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Cold sores, also known as fever blisters, are the small red bumps or blisters that appear around the mouth and lips, but how do you get cold sores? What causes fever blisters on the lips?

What causes cold sores?

  1. Cold sores are caused by the herpes simplex virus strain one (HSV-1).
  2. In fact, 67% of the world population under age 50 has HSV-1 because it is so contagious.1
  3. Most people aren’t sure when they first encountered the virus as it’s usually contracted in early childhood where it may not appear as a visible cold sore until later in life.
  4. For most people, HSV-1 remains inactive and they may never have an outbreak or even know they have the virus.
  5. Recurrent cold sores are caused by the virus “waking up” and infecting the skin cells around the lips and mouth.

How do you get cold sores?

Unfortunately, there are many ways to contract the HSV-1 virus. Here is how to get cold sores:

  1. Kissing a person infected with the virus. They don’t necessarily have to have a cold sore at the time to spread the virus to others.
  2. Sharing objects like toothbrushes, water bottles, drinking glasses, silverware and lip balms with a person infected with the virus.
  3. It is also possible to spread the virus from the mouth to the eyes and other parts of the body.

Why do you get cold sores?

Once you are infected, people get cold sores because the virus never leaves your body. You may experience one initial outbreak of fever blisters with no recurrence, multiple outbreaks a year, or you may never experience symptoms.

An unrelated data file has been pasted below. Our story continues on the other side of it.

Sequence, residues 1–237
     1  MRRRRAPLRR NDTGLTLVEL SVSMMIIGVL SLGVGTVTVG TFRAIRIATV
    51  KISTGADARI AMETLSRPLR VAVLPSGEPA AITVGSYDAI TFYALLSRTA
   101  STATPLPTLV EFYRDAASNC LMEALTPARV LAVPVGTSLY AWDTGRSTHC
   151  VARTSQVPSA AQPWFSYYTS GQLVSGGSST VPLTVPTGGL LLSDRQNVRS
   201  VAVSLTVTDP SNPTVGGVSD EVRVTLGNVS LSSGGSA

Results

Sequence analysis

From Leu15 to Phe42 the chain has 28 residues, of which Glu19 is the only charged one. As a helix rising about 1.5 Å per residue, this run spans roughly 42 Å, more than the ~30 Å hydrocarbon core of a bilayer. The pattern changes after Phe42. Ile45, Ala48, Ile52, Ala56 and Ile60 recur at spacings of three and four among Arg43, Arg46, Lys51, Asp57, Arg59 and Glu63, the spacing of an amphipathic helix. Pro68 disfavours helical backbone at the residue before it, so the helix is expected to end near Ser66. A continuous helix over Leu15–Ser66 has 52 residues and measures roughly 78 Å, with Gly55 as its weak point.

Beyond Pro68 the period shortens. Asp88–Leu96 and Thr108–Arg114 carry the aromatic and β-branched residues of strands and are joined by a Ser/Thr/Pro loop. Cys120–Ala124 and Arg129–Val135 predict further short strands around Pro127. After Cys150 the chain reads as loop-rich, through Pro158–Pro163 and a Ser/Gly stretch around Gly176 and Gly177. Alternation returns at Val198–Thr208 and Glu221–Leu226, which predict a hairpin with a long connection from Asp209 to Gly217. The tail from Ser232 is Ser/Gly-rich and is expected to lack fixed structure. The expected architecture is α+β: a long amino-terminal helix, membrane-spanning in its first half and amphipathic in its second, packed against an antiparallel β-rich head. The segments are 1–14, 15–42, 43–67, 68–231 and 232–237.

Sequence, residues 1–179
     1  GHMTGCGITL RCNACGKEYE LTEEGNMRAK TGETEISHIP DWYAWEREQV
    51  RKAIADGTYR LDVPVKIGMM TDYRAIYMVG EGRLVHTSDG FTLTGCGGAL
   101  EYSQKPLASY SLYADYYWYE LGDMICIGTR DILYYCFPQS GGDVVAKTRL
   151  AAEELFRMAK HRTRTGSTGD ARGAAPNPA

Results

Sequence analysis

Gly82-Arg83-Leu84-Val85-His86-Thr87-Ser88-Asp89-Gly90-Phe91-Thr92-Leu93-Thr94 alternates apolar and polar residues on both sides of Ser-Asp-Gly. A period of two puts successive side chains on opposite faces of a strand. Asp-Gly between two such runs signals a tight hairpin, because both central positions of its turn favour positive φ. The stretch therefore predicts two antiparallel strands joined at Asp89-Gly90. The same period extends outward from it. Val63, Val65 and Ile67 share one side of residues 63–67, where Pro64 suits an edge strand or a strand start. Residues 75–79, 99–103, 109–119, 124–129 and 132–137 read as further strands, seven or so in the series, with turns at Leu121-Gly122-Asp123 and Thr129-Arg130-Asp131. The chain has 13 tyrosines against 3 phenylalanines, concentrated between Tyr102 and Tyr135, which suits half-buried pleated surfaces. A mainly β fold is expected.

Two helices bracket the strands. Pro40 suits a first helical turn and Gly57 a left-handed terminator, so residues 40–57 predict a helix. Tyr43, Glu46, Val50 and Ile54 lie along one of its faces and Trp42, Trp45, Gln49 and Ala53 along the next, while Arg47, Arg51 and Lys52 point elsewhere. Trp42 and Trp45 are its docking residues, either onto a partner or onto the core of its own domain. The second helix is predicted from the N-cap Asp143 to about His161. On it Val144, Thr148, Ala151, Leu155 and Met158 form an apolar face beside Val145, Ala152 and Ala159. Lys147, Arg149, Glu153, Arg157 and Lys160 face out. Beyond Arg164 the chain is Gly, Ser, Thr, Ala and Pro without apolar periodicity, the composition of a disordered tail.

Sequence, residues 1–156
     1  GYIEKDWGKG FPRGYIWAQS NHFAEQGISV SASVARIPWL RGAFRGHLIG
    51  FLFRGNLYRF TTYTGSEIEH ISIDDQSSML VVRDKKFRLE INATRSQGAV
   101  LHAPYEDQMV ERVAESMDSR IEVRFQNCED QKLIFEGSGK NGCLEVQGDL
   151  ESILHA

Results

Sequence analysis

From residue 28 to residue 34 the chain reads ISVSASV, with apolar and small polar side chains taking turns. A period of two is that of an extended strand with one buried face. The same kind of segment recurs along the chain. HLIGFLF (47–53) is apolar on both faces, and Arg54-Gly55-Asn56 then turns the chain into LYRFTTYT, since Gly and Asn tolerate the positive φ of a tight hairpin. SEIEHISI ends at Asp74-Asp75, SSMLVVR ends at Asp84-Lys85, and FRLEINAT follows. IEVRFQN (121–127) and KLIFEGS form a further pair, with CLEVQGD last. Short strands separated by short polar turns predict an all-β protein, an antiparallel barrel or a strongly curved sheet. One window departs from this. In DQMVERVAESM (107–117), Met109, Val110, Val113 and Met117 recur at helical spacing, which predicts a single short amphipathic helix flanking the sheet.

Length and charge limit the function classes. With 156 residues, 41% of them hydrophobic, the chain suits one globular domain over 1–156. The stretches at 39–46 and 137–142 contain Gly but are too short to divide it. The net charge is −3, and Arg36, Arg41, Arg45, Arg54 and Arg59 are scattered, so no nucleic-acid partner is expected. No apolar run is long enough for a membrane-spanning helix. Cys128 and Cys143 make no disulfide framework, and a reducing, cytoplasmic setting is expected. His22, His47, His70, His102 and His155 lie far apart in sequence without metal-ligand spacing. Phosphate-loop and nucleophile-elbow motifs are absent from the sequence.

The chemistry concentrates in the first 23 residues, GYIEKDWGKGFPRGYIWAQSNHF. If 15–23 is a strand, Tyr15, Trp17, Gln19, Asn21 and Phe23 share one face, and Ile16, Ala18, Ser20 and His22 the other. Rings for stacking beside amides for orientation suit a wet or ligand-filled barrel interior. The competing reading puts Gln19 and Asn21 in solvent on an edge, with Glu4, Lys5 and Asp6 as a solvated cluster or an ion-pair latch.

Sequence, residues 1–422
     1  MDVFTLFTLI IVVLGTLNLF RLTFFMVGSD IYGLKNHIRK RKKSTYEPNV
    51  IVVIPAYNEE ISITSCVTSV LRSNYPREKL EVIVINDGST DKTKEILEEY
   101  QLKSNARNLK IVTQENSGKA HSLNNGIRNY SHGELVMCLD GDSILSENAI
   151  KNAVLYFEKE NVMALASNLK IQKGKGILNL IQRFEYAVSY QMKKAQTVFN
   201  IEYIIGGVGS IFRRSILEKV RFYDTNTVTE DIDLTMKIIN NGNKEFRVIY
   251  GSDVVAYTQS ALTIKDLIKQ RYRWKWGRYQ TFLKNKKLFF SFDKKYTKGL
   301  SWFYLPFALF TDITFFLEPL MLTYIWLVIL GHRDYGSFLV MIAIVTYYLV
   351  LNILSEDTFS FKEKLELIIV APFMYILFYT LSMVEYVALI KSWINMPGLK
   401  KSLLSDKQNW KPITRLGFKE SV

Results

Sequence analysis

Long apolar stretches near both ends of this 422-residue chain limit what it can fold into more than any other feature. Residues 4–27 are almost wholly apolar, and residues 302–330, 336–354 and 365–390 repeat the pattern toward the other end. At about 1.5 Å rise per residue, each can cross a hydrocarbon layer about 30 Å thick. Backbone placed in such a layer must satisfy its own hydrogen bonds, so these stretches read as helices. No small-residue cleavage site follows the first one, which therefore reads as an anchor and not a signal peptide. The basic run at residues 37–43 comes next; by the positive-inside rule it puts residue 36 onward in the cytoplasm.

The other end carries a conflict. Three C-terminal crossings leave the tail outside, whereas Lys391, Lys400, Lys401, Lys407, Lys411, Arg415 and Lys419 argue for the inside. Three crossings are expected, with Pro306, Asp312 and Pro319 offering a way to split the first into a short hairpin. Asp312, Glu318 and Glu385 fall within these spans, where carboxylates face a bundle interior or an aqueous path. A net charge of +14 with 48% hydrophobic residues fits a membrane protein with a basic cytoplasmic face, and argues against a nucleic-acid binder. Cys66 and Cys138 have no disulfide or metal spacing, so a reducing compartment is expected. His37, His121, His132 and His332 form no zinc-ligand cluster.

Reasons for cold sore outbreaks include:

  1. Weakened Immune System: They’re called cold sores and fever blisters for a reason: when your immune system is compromised, you’re more susceptible to an outbreak. So when you feel a cold, fever, or the flu coming on, take the right precautions and rest up.
  2. Stress: Stress can also wear down your immune system, giving that dormant cold sore a chance to launch a sneak attack. Instead, when you feel stressed, breathe deeply and try to relax.
  3. Sun Exposure: Ultraviolet (UV) radiation from the sun exposure can trigger cold sores. Always wear an SPF lip balm and try to stay out of the sun.
  4. Injury or Trauma: If lips are cut or dry and chapped, it leaves them exposed to bacteria or viruses to enter. Make sure to keep your lips moisturized and drink plenty of fluids to avoid dehydration.

Abreva for Cold Sores

If you’re looking to get rid of a cold sore faster*, use a medicated cold sore treatment like Abreva. Using Abreva at the first tingle of a cold sore blocks the virus from spreading and infecting healthy cells. Abreva reduces the duration of pain, burning, itching or tingling.

Does Abreva Work?

Abreva gets results faster by shortening cold sore healing time. In fact, median healing time of a cold sore with Abreva is 4.1 days used at the first sign, whereas if left untreated, a cold sore can last approximately 8-10 days.

Abreva cold sore cream comes in a tube or pump and uses the same formula. Of course, to be sure Abreva is right for you, always read and follow the label or ask your doctor or pharmacist.